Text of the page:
Hillary Rodham Clinton’s video this week celebrating her presumed emergence as the first female major party nominee quoted Shirley Chisholm. A recording has the former member of Congress and 1972 presidential candidate saying: “Those who think that the women’s liberation movement is a joke, may I disabuse you of that notion. It’s about equal opportunity.” Indeed, women have been turning men’s mockery into female feats for years. In fact, the candidacy of the first woman elected as mayor—boosters insist to any political office—in the United States—began as a sexist prank.
In 1887, feeling empowered from having become eligible to vote four years earlier, women in the Quaker village of Argonia, Kansas, joined the Women’s Christian Temperance Union (WCTU). Crusading against booze expressed what some historians call “maternal feminism,” others call “municipal housekeeping,” going public with the motherly impulse to cultivate virtue.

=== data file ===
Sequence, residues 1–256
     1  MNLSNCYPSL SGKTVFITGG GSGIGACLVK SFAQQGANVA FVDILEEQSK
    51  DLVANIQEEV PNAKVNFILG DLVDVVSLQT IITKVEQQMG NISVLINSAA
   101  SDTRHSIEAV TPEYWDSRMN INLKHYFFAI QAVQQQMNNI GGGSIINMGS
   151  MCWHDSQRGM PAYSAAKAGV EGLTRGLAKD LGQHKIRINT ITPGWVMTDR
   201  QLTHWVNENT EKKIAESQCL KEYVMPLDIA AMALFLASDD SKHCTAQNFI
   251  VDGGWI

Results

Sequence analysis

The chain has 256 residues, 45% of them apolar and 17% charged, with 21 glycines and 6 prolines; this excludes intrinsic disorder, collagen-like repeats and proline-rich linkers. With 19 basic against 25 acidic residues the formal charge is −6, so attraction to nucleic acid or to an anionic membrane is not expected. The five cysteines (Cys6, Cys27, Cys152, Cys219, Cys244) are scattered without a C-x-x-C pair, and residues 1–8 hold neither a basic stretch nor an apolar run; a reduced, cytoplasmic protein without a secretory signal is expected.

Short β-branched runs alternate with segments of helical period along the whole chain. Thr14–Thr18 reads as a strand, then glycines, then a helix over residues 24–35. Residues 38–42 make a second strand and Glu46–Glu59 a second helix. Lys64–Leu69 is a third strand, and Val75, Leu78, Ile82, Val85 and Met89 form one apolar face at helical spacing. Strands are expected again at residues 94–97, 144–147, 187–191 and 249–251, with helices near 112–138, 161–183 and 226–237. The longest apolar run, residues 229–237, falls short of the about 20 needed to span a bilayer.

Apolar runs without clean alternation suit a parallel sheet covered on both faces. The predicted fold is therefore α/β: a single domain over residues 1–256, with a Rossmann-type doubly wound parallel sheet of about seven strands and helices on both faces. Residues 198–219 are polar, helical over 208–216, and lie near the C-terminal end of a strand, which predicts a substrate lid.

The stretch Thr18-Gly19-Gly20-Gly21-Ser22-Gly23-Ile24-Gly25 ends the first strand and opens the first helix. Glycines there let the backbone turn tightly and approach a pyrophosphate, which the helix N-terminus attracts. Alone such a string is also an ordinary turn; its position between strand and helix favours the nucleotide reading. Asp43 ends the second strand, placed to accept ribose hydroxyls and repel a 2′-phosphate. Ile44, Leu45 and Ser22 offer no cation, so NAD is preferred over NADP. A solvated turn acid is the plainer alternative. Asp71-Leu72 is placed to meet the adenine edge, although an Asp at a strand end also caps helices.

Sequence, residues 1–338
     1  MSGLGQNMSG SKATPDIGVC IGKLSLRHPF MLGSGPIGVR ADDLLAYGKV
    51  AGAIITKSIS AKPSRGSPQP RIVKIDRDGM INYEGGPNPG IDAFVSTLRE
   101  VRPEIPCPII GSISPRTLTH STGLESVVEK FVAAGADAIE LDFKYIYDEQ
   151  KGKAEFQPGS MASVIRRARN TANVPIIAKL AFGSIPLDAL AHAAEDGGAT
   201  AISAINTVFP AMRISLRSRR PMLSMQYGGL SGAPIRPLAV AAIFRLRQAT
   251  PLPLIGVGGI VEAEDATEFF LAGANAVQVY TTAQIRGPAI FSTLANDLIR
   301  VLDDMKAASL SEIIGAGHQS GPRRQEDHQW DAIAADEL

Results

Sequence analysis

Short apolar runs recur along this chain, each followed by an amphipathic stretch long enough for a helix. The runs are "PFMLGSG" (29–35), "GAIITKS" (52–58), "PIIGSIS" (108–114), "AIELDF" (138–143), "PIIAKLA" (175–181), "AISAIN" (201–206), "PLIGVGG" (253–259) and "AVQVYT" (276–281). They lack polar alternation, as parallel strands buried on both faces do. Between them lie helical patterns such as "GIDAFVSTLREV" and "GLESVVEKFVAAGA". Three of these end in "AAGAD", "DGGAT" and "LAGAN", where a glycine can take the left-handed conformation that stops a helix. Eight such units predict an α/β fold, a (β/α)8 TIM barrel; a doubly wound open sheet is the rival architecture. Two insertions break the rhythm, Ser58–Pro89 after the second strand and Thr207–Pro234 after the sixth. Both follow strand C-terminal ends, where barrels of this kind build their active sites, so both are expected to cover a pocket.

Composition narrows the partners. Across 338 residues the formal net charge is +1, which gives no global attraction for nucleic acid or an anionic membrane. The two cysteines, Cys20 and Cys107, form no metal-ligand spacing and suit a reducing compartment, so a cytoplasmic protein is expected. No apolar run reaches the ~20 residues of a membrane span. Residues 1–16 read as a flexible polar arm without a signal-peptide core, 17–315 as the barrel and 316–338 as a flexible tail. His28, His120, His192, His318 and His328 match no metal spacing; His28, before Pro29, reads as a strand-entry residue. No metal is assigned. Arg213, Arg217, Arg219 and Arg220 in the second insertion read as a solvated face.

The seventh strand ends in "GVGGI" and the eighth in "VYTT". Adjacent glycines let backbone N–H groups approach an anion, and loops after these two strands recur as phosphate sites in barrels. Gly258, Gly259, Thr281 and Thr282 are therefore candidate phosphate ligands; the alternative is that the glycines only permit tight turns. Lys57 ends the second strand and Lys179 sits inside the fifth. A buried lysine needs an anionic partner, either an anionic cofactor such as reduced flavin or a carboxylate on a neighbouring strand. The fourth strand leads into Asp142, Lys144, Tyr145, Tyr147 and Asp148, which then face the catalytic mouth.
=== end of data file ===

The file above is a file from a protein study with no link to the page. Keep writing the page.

WCTU women were often insulted and harassed, accused of being lesbians and doused with water or beer when they protested outside saloons. But, the historian Carl Degler notes, by the mid-1870s, “what has once been treated as a joke … began to be perceived as a groundswell of sentiment that in some places was even affecting the outcome of local elections.” This “Woman’s Uprising” inspired WCTU’s Argonia chapter to select a slate of prohibitionist men to run for mayor and city council...
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